RM: How do you think the strength coach effects Dawson’s training?
VH: I really think that Scully is leery of the strength coach. Scully asks the strength coach many questions and constantly has to be reassured. My position as a trainer is this – you are not going to tinker with my fighter and come up with your theories when I have enough sense to know that two pounds to the left can be very detrimental to a fighter. And I happen to know that very low body fat percentage is detrimental to a fighter. And it can affect a fighter’s brainwaves and chemistry.
RM: I see.
VH: You get these gung-ho trainers that are more stuck on the visual--how the fighter looks as opposed to how he feels.
VH: He’s going to be ripped. He is going to be six percent body fat. Yeah but, how does he feel?
VH: You know, just because he is going to have six percent body fat does that mean that is where he is supposed to be? You can deplete a fighter’s mentality with that approach. He can be lethargic one day and have great energy the next.
RM: You would never use a strength coach?
VH: No, this is one of the reasons why Scully is going to have to have an eye on what is going on with his fighter. He has to have an eye on this strength coach tinkering with his kid. That is the most important thing. Scully’s observance of this kid is going to have to be really on time. He is going to have watch him running, he is going to have to watch his attitude, and he is going to have to watch him sparring. If Chad is affected physically he is going to be affected mentally.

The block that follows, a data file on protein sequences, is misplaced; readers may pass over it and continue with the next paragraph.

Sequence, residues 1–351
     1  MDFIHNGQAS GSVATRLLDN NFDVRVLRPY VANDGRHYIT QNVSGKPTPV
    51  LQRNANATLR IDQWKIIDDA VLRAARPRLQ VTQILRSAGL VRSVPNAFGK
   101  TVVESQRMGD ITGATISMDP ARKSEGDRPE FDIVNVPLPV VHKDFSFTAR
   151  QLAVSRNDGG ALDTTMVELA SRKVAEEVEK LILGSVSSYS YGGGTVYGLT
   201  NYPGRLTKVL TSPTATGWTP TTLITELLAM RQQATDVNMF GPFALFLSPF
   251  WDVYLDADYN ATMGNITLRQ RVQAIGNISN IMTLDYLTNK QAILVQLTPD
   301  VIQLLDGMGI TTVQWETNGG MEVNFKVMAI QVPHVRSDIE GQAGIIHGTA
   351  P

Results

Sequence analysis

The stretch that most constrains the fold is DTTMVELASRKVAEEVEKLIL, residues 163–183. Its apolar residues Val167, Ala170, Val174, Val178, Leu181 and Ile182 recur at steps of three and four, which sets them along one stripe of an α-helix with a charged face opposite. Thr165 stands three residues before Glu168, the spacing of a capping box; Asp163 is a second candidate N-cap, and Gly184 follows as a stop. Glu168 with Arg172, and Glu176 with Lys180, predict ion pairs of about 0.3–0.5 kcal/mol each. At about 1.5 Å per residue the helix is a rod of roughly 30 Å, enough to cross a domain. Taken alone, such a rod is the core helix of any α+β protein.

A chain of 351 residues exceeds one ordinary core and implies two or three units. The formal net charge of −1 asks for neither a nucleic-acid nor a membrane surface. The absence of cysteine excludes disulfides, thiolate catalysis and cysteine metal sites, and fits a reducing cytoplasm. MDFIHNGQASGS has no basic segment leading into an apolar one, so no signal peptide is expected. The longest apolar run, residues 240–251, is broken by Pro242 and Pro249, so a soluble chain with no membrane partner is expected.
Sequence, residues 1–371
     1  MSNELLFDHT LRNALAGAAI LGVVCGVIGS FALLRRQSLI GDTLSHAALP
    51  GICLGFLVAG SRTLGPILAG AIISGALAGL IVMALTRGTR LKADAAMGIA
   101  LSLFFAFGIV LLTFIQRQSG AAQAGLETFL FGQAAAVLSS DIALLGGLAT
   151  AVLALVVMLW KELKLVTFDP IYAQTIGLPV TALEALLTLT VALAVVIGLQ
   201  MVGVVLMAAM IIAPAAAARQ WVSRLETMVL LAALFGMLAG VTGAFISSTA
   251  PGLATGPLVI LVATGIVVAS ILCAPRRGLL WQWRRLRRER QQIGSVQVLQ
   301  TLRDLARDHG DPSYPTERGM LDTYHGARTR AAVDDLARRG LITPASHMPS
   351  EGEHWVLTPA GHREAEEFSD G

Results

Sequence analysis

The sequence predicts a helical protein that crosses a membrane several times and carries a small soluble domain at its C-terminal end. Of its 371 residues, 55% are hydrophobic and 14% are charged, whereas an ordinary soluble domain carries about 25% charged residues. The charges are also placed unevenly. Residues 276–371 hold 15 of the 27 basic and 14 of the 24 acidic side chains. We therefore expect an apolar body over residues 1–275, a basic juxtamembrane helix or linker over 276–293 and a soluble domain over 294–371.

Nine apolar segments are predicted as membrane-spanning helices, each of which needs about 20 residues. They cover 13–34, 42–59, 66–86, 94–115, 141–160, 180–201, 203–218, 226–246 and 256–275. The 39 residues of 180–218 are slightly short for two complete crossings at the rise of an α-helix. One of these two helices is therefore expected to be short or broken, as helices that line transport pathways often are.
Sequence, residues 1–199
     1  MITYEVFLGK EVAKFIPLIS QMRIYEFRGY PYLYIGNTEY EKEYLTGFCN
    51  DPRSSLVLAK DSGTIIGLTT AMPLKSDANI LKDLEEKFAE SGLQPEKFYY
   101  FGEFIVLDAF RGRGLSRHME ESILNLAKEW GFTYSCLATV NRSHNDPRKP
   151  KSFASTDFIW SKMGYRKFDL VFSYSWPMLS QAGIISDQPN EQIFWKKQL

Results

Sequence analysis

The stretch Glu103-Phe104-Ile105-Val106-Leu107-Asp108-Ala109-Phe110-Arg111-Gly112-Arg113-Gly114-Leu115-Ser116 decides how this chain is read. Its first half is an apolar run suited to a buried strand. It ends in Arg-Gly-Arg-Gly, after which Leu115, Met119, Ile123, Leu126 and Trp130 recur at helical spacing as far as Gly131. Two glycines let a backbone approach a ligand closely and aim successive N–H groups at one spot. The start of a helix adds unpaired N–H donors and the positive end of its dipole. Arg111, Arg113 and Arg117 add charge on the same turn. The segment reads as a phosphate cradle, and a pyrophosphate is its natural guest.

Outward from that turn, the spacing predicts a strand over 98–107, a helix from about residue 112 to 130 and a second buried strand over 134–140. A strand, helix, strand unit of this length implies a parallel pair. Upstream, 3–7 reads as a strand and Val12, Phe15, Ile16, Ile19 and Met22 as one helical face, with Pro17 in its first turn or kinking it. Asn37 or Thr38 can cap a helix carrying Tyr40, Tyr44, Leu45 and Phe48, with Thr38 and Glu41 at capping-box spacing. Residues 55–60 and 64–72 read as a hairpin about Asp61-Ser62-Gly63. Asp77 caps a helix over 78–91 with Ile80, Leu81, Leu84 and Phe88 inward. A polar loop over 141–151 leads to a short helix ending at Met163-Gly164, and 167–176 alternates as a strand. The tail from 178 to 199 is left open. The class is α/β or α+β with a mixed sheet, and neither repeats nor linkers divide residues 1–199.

RM: Do you think that it might be a lack of control for John Scully?
VH: Well, I don’t know. Look, I don’t know John Scully personally. I met him briefly in Atlantic City and I took him to be a sincere guy that cares about his fighter. I took him to be a caring guy. This is pretty much why I feel comfortable saying this. I’m sure this guy tinkering with Chad concerns him (Scully) and rightfully so. He has to monitor that situation. I just think that if the fighter has strength deficiencies, the trainer should shore him up. A lot of these strength guys bring egos. In the fight business you cannot afford to tinker with your athletes. You better know what you are doing. But the outcome will speak for itself. Again, I’m not bashing, it’s just my theory. I don’t want anyone tinkering with my fighter. I don’t want any outside theories, particularly the mirror theory, when everything looks good on the outside but you can’t tell what’s going on inside.
RM: It’s not about how you look. It’s about how you perform.